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  24. Ted. The Bible is addressed to you. However, it is not addressed to you exclusively.

    God inspired His Word for the benefit of the World, not for the sole benefit of a bloke called Ted.

    Does that help?

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  25. Oh, and what we did in biology classes (or when I cleared the family field) was far worse. Ditto when I got hungry and dug a few potatoes.

    When I was doing the field with a ride-on mower, I ran over a nesting Pheasant.

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  26. Kyle: "So, we are to understand that plants are people, too, and Jesus was being an irrational bully against a poor, fruitless fig tree?"

    It was pointed out that fig trees are in fact not inanimate objects, but are living organisms. This in no way equates plants with human beings. But if the story about Jesus cursing a fig tree is supposed to be pedagogical as Kyle and others have claimed, then they in fact are the ones who are putting people on the same level as plants. Jesus was irrational for cursing a thing for something over which it had no control. It's even more absurd when you factor in the claim that Jesus is God and God is in control of everything. On this view, the tree could only be barren if Jesus (as God) had designed it to be barren. Logically, Jesus/God is cursing his own handiwork. In the case of a man who can grow and later recognize the foolishness of his earlier devices, this could in fact be rational. But in the case of a being said to be omniscient and infallible, it's so absurd that it would be more comfortable to crawl under the rock of Christian stubbornness than to face it.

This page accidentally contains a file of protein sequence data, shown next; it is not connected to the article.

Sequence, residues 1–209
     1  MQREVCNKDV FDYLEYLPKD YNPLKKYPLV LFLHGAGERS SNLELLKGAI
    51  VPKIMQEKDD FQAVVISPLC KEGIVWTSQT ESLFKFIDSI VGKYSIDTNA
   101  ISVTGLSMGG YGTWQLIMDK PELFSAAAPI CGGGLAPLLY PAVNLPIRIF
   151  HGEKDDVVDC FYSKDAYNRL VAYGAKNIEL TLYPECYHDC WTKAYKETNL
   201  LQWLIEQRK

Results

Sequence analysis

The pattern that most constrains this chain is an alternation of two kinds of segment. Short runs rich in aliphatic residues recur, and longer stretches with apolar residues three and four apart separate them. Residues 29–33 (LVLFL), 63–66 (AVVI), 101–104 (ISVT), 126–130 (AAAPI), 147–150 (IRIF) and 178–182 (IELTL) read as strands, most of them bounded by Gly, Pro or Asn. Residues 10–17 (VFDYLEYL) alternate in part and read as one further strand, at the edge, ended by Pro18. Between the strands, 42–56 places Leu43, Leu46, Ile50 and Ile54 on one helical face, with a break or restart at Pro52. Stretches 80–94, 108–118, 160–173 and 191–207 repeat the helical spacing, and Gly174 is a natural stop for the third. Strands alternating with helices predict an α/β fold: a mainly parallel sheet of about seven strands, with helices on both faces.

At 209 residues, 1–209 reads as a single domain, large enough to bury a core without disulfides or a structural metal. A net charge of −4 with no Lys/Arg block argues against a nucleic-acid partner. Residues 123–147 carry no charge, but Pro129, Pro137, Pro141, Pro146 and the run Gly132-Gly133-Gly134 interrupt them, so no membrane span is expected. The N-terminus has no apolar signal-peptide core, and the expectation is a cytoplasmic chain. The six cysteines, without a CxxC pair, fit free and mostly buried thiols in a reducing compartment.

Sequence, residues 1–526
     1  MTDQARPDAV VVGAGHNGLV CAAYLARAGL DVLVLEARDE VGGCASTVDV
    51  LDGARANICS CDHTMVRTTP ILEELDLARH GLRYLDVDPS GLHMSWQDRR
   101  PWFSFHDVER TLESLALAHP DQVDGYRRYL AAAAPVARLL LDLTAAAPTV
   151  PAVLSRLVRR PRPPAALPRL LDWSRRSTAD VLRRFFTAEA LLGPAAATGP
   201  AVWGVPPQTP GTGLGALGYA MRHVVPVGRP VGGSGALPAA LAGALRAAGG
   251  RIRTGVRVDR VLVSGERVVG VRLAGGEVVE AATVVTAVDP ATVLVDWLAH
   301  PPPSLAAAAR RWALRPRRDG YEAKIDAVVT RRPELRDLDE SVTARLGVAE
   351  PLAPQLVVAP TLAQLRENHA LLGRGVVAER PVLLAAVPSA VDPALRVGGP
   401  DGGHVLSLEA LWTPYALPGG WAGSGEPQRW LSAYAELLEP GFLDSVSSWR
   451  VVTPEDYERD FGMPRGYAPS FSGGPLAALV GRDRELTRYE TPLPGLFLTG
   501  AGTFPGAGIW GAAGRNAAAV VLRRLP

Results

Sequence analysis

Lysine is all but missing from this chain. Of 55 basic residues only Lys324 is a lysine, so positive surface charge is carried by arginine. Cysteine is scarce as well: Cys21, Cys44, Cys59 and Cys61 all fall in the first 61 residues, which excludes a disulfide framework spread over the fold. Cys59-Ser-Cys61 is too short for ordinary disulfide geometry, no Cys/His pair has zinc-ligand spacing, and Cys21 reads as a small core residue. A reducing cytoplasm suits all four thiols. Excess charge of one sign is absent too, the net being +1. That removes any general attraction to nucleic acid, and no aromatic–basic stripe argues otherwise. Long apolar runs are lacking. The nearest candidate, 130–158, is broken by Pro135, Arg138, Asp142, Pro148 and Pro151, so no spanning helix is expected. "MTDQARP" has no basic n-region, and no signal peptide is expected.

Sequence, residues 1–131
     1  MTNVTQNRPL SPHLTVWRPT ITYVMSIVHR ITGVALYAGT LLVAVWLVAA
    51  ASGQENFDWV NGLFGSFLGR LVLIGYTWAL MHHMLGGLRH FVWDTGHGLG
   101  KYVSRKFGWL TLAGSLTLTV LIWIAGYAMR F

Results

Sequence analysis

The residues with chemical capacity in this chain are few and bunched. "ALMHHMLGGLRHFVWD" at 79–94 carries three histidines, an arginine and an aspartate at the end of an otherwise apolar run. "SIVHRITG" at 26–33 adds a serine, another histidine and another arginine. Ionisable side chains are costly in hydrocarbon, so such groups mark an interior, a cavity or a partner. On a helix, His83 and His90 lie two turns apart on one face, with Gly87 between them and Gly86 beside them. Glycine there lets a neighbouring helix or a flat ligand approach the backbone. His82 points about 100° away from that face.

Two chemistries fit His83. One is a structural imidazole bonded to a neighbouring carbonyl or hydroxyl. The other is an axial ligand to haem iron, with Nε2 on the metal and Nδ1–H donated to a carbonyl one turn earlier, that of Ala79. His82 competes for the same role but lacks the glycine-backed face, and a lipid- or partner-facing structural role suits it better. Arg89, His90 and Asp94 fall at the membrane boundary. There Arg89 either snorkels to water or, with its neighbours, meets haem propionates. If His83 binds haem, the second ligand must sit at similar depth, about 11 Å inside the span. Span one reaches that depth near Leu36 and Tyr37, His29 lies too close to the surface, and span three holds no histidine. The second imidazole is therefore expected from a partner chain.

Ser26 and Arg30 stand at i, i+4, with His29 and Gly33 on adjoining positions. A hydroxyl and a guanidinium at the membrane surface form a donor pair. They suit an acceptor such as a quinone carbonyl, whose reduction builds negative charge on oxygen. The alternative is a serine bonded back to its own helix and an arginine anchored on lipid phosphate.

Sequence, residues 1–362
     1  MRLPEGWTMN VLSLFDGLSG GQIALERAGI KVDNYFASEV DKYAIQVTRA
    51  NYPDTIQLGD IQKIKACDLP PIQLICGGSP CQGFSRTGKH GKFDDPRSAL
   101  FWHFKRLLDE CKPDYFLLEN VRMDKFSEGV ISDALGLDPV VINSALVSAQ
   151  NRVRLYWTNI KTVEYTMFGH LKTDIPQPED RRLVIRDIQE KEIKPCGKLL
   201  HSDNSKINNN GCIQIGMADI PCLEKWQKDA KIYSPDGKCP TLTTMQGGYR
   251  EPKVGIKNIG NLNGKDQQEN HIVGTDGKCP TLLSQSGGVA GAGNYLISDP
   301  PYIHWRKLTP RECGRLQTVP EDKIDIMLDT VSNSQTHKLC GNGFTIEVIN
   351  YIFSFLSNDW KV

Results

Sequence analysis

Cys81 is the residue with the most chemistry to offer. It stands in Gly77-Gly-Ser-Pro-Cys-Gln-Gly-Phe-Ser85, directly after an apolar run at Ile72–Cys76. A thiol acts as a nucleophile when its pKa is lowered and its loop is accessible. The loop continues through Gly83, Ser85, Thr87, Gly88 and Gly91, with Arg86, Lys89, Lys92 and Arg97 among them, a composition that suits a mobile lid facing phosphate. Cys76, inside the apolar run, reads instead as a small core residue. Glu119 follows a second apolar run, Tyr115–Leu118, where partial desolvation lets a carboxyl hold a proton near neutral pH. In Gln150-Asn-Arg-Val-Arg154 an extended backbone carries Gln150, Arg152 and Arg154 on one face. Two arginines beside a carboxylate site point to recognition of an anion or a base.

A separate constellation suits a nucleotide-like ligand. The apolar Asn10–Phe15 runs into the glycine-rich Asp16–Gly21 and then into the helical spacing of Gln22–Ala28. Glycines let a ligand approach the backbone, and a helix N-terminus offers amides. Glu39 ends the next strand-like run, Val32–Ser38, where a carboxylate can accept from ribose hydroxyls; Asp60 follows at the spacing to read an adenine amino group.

Kyle: "What's irrational is being so offended by His action."

    For one, who is "offended" here? I don't see that anyone has stated that he or she is "offended." Also, why would it be irrational to be offended by something so absurd, especially if it is postured as being rational?

    Kyle: "High school students do 'worse' things to living organisms in biology class than Jesus did here."

    Again, I don't think anyone had stated that killing a tree is wrong. It was merely pointed out that a tree is, contrary to what Steve had stated, not an inanimate object. It's amazing how Christians infer nonsense from simple facts.

    hiraeth: "Ted. The Bible is addressed to you."

    Steve insinuated that unbelievers are mistaken for acting "as if [the Bible] were addressed to 21C Americans." Here hiraeth affirms that the bible was addressed to someone living in the 21st century. Who is right? Steve and hiraeth need to fight this one out between them.